Stephen A. Smith fed up with Kyrie Irving in 6-minute rant

Stephen A. Smith provided 24 hours’ notice that he was going to deliver a rant for the ages about Kyrie Irving, and the man fulfilled his promise.

Smith, who promised a response to Irving’s series of tweets Thursday that ripped the media as puppets for a racist society, spoke on ESPN’s “First Take” on Friday and called Irving “one of the most delusional athletes in American history.” He said the Nets point guard — who missed the season while not complying with a vaccination mandate and underwhelmed in the team’s first-round sweep by the Celtics — was “slick” in “trying to get away with something that I’m not gonna let him get away with.”

“You can try to paint this issue, Kyrie, as anything you want to,” Smith said. “What it comes down to is you don’t want to show up to work. You want to do what you want to do, when you want to do it, how you want to do it, while you got your hand out for someone else’s money.

“And then when you get called on it, we’re the pawns. We’re the ones who are puppets. So before you excoriated us. Now you’re pitting us. Because you want to highlight the puppet masters who you are worth billions to. You’re not worth billions, bro. Millions, yes. Billions, no. That’s delusional. You gave that up years ago.”

Stephen A. Smith lacerated Kyrie Irving as someone who doesn’t want to go to work.
Screengrab/ESPN
Kyrie Irving #11 of the Brooklyn Nets is greeted by a teammate
Kyrie Irving went after sports media in a series of tweets on Thursday.
Charles Wenzelberg / New York Post

Irving had posted a number of tweets criticizing the sports media.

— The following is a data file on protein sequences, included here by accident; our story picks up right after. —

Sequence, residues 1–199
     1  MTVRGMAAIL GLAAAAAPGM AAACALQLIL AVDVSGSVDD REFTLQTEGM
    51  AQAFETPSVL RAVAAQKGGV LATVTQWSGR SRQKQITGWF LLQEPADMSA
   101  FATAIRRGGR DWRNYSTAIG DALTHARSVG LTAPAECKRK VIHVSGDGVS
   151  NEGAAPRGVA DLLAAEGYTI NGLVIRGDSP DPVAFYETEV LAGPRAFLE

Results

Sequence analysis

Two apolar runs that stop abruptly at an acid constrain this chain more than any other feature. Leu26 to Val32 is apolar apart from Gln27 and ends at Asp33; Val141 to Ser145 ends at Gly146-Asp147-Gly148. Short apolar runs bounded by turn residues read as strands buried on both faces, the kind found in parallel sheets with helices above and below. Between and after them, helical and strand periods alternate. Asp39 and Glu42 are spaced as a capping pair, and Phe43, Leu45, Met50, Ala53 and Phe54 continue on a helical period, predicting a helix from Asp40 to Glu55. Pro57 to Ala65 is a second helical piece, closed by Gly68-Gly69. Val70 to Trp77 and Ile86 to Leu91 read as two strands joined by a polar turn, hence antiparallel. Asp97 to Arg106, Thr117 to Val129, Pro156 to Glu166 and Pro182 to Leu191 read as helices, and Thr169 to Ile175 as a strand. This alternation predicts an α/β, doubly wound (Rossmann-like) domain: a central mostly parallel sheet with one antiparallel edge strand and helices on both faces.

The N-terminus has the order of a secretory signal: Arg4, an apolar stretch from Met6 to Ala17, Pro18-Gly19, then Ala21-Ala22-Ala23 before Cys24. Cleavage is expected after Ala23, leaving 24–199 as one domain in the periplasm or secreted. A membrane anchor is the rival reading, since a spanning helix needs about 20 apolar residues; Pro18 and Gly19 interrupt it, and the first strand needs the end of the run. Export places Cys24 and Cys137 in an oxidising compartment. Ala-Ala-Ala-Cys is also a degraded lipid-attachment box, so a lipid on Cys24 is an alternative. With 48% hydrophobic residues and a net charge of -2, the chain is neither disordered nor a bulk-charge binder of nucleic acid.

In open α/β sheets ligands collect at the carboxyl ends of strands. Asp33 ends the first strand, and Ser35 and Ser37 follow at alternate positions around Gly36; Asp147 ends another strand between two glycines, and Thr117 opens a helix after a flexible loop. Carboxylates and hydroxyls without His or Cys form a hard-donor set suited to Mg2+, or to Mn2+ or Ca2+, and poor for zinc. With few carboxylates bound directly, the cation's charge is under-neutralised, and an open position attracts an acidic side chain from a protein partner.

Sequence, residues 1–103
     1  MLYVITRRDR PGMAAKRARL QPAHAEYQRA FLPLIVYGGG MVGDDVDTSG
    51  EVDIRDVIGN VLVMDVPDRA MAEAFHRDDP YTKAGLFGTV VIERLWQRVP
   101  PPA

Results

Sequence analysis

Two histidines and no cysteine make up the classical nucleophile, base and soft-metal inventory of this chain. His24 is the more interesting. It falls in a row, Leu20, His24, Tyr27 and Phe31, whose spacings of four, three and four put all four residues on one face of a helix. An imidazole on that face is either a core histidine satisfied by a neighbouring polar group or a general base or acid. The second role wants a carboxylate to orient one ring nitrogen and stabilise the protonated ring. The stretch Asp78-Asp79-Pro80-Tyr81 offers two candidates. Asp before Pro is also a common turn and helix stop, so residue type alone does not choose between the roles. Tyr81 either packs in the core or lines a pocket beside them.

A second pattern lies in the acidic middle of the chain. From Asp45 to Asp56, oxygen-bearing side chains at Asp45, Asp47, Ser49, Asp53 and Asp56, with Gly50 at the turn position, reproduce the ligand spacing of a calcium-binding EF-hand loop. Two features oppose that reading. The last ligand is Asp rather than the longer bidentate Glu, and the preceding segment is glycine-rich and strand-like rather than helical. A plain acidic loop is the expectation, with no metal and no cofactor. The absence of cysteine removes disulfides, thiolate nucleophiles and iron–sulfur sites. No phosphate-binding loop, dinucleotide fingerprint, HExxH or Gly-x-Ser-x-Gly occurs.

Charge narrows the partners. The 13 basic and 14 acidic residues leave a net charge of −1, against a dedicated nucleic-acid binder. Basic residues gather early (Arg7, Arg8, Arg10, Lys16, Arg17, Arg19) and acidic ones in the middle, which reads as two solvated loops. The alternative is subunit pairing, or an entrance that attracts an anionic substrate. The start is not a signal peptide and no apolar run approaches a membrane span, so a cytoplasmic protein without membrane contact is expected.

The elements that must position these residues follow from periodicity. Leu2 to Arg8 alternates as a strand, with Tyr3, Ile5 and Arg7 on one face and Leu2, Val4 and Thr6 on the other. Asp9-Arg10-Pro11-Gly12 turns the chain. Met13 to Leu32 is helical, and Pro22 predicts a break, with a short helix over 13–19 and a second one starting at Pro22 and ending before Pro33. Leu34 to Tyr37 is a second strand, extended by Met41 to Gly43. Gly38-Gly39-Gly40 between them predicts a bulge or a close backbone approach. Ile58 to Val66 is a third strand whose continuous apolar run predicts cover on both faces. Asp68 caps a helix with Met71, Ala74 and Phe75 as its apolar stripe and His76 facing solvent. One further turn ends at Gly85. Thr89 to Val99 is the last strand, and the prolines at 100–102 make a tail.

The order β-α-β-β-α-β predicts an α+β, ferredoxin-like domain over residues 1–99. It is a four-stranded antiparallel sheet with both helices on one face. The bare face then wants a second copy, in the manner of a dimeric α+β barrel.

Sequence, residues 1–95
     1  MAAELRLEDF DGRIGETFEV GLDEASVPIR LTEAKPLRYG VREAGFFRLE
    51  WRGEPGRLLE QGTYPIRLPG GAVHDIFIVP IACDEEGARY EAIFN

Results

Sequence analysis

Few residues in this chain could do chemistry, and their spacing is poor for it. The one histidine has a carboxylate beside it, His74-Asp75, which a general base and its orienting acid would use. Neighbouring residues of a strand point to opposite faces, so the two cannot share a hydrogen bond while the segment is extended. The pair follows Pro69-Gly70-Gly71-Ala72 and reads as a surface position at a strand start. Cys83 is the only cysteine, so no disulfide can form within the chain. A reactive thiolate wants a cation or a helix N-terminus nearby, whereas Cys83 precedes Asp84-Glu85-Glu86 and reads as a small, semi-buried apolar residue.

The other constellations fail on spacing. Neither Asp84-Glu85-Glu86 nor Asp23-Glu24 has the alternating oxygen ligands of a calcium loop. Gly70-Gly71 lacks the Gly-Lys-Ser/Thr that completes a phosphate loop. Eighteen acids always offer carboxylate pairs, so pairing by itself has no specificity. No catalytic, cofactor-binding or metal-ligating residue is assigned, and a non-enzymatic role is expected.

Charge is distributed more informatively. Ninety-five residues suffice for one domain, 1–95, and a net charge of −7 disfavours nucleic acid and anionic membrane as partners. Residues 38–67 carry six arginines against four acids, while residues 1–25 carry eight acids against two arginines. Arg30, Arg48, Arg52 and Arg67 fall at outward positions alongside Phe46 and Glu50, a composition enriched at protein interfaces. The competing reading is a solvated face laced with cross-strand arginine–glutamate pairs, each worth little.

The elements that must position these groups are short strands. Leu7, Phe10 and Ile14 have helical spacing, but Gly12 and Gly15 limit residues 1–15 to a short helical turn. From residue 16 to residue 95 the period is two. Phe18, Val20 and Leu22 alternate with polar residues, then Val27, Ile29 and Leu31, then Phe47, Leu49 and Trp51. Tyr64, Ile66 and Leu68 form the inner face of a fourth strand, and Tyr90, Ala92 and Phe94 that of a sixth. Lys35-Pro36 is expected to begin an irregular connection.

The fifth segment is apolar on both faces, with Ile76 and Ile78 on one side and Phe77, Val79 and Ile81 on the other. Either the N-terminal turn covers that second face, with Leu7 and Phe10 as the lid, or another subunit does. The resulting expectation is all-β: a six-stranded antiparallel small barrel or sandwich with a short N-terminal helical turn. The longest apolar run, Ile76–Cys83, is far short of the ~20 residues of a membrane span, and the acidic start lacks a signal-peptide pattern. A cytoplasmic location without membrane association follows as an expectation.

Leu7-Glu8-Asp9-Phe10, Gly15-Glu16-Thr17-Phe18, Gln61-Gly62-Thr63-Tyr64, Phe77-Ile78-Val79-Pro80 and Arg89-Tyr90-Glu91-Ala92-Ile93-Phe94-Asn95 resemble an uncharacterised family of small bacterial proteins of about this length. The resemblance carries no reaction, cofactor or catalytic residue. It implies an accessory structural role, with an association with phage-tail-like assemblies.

“When I see my name or my brothers/sisters names getting spun through the media, I refer to all my research about who they are,” the Nets guard tweeted. “Their job is to CONTROL PUBLIC PERCEPTION, all while profiting off discussing, discrediting, and disrespecting people’s lives for entertainment.

“I send shots at the puppet masters, not the puppets,” he continued. “All puppets do is run around society, trying to gain popularity and state opinions. What a life! [Shrug emoji.] My name is worth billions to these media corporations. My brothers and sisters who deal with this know exactly what I mean.”

Smith called Irving “arguably the most spectacular talent in the NBA,” but pointed to all the games he has missed over the years. He brought up a time Irving dropped 60 points, and NBA legend Isiah Thomas, a longtime Irving backer, gloated about it to Smith. However, Smith said, this was an example of what he was talking about — a splendid talent who did not fulfill his natural gifts on a consistent basis.

“Kyrie actually looks down on us because we want to see him play,” Smith said.

Smith brought up that Irving missed about 60 games in his first season with the Nets and more than 50 this year.

“Kyrie Irving is one of the greatest professionals at missing work,” he continued, pointing out that the NBA offseason is six months — “on top of the 53 games he missed!” — after getting paid $30 million.

“Here you are, you don’t want to work, unless you want to do it when you want to it,” Smith ranted. “You come back from the [vaccine] mandate, and even though you had spectacular games, there were other games that you struggled. And literally he went on the record that he did n’t have his legs from him. That he was tired.

“Well, what the hell were you doing all that time off? It’s beyond the pale to ask that question? And then you go out on a Twitter rant and you go and spew this stuff. why? Because the media that gets paid to cover the sport is asking you about the sport you voluntarily signed up to play, getting paid an exorbitant amount to play. Half the time you don’t show up to work. They point it out. They point out the load that you put on your teammates because of your absence, and talk about how that may very well be the reason you got swept out of the first round. And that is on us?”

Smith found it “weak” and “sad” that Irving was portraying himself as a victim.

All in all, Smith spoke for nearly six minutes uninterrupted in his takedown of Irving.

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